The challenge for the architects, the New York-based duo of Tod Williams and Billie Tsien, was to navigate between two unhappy outcomes: sanitising the Barnes into a faceless white box of a modern museum, or creating what Umberto Eco would call an “absolute fake” of the Merion house, straining to be more “Barnes” than the original Barnes itself.

“We needed to turn our handcuffs into an exquisite bracelet,” said Williams, a month before the opening, as he and Tsien beamed down from a balcony of the bi-level main gallery onto one of the jewels of the collection, Henri Matisse’s La Danse, 1933, a 45-foot triptych commissioned by Barnes, its three arched panels illuminated for the first time under the hall’s high-tech lighting system (of which more below).

The $150m new Barnes has retained some of the intimacy and much of the obsessive devotion to quality of the old Barnes, but in an unabashedly modern structure filled with up-to-date museum amenities. The building—an “art education centre”, not a museum—will be a welcome addition to Philadelphia’s Parkway Museum District, where it abuts the Rodin Museum and an empty lot awaiting Moshe Safdie’s new wing for the Free Library.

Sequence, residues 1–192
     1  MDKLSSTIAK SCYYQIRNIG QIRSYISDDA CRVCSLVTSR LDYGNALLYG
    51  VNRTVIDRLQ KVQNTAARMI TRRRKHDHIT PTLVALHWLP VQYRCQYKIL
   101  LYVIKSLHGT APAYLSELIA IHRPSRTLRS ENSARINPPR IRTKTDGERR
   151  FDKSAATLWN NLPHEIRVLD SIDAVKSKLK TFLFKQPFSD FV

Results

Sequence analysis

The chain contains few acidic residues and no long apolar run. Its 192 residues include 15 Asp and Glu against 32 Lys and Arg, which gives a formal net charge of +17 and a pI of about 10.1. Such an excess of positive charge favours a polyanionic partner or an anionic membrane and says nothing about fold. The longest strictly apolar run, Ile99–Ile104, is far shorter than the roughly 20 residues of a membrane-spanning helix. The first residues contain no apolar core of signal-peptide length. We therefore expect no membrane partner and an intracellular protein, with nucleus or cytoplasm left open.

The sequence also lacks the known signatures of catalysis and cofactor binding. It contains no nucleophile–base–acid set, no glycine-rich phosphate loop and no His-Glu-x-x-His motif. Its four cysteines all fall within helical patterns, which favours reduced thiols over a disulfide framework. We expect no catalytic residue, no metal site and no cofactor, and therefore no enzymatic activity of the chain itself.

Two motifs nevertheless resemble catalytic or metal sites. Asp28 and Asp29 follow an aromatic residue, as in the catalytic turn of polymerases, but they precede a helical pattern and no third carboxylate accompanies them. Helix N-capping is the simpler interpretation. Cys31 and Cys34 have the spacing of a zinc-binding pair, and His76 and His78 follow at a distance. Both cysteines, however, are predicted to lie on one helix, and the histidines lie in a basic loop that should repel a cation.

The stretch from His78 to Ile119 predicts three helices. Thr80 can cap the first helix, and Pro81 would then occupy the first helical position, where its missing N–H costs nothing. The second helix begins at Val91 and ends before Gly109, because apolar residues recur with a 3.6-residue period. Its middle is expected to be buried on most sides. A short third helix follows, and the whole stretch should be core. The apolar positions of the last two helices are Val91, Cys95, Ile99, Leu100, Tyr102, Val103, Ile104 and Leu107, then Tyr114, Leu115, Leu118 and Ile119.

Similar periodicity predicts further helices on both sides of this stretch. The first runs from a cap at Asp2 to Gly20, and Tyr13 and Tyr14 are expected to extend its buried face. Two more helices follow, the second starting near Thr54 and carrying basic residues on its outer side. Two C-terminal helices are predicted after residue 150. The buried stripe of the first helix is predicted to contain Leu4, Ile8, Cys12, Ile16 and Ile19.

The old Barnes it is not. But it does make a statement uniquely its own.

As a work of architecture, the new Barnes is a sustained meditation on the vicissitudes of memory and cultural custodianship. It gently probes questions about the ethics of institutional design, of a sort last explored in David Chipperfield’s visionary renovation of the Neues Museum in Berlin. Every carefully chosen floor plank and door handle seems to ask: “Is this the right way to connect the present and the past?”

Turning down the volume